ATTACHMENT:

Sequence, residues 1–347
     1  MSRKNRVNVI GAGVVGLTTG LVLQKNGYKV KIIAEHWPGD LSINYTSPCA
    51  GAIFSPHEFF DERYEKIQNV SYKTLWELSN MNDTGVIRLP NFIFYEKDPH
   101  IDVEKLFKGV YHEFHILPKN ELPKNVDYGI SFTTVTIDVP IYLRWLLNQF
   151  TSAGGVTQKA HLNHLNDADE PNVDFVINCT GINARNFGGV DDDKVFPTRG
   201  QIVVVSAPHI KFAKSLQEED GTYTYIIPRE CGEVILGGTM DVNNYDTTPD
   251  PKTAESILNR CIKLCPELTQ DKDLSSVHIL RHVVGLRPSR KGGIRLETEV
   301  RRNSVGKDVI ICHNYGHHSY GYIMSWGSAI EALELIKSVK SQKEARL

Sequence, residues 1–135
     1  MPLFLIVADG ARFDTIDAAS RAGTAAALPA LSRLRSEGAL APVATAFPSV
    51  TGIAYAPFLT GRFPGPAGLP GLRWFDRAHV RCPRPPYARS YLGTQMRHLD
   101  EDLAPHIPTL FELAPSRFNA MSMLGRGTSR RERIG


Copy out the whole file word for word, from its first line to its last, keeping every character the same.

Sequence, residues 1–347
     1  MSRKNRVNVI GAGVVGLTTG LVLQKNGYKV KIIAEHWPGD LSINYTSPCA
    51  GAIFSPHEFF DERYEKIQNV SYKTLWELSN MNDTGVIRLP NFIFYEKDPH
   101  IDVEKLFKGV YHEFHILPKN ELPKNVDYGI SFTTVTIDVP IYLRWLLNQF
   151  TSAGGVTQKA HLNHLNDADE PNVDFVINCT GINARNFGGV DDDKVFPTRG
   201  QIVVVSAPHI KFAKSLQEED GTYTYIIPRE CGEVILGGTM DVNNYDTTPD
   251  PKTAESILNR CIKLCPELTQ DKDLSSVHIL RHVVGLRPSR KGGIRLETEV
   301  RRNSVGKDVI ICHNYGHHSY GYIMSWGSAI EALELIKSVK SQKEARL

Sequence, residues 1–135
     1  MPLFLIVADG ARFDTIDAAS RAGTAAALPA LSRLRSEGAL APVATAFPSV
    51  TGIAYAPFLT GRFPGPAGLP GLRWFDRAHV RCPRPPYARS YLGTQMRHLD
   101  EDLAPHIPTL FELAPSRFNA MSMLGRGTSR RERIG